Middle East respiratory syndrome coronavirus (MERS-CoV) causes isolated cases and outbreaks of severe respiratory disease.
This paper presents a study based on 37 adult patients infected with MERS-CoV. The aim was to assess the viral load (amount of virus) in the lower and upper respiratory tracts, blood, stool (faeces), and urine.
A minority of faeces (14.6%) and urine (2.4%) were found to contain measurable MERS-CoV RNA.
The authors discuss how this low frequency of MERS-CoV RNA in faeces is different to what was previously reported for SARFS-CoV. For SARS-CoV, the reported RNA prevalence in faecal samples was so high that testing of stool has been proposed as a reliable and sensitive way to routinely diagnose the disease. Furthermore, active replication in the gut with SARS-CoV virus isolation has been demonstrated.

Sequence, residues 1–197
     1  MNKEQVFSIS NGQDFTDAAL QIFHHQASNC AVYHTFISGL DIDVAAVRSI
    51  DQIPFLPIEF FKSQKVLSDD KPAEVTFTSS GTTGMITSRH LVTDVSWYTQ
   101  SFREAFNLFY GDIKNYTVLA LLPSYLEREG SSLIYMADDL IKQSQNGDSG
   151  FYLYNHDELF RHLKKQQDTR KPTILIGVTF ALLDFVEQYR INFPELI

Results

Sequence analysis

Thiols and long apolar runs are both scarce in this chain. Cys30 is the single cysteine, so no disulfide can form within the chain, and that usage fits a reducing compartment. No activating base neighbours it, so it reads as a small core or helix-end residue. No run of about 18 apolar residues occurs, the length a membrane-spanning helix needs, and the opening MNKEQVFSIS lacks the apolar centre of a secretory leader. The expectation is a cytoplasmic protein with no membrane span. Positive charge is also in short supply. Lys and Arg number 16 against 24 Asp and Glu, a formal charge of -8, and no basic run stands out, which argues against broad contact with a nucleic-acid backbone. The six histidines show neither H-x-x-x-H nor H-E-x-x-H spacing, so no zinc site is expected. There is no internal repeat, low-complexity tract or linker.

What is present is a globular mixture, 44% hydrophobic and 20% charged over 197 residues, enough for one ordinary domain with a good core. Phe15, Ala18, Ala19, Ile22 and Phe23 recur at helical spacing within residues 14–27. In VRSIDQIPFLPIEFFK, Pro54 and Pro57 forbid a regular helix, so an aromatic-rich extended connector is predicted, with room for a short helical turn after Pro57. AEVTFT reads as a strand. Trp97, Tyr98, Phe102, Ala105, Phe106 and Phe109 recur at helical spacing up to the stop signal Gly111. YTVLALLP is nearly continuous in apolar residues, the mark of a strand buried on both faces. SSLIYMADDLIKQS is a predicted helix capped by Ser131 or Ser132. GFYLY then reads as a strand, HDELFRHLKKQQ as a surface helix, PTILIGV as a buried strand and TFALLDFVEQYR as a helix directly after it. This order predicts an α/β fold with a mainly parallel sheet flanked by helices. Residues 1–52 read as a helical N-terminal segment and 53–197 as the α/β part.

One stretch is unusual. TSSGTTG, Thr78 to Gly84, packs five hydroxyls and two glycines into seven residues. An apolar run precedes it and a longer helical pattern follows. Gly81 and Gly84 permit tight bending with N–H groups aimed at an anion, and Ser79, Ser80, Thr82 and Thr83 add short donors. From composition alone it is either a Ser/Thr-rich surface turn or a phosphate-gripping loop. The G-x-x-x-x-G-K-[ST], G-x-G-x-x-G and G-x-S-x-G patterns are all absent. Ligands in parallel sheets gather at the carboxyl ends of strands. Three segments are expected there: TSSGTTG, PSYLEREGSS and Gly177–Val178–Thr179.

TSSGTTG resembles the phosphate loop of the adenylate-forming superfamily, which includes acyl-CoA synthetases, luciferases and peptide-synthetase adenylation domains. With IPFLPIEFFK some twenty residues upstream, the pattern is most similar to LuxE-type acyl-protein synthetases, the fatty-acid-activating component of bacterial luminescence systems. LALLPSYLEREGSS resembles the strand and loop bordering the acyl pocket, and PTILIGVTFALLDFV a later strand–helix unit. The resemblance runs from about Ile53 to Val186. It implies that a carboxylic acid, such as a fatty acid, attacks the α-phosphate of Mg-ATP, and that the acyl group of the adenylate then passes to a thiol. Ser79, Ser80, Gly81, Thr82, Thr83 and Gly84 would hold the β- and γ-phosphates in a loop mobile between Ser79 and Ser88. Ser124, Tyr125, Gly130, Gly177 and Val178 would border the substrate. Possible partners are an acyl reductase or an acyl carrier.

In addition to the low frequency (14.6%) of detection and low RNA concentration of MERS-CoV in faecal samples, the authors reported no success in isolating infectious virus. Based on these data, they concluded that faecal excretion may not have played a relevant role for the spread of MERS-CoV, at least among the patients involved in this study.
Corman, V. M., Albarrak, A. M., Omrani, A. S., Albarrak, M. M., Farah, M. E., Almasri, M., Muth, D., Sieberg, A., Meyer, B., Assiri, A. M., Binger, T., Steinhagen, K., Lattwein, E., Al-Tawfiq, J., Müller, M. A., Drosten, C. and Memish, Z. A. (2015) Viral Shedding and Antibody Response in 37 Patients With Middle East Respiratory Syndrome Coronavirus Infection. Clin. Infect. Dis., 62(4), 477-483.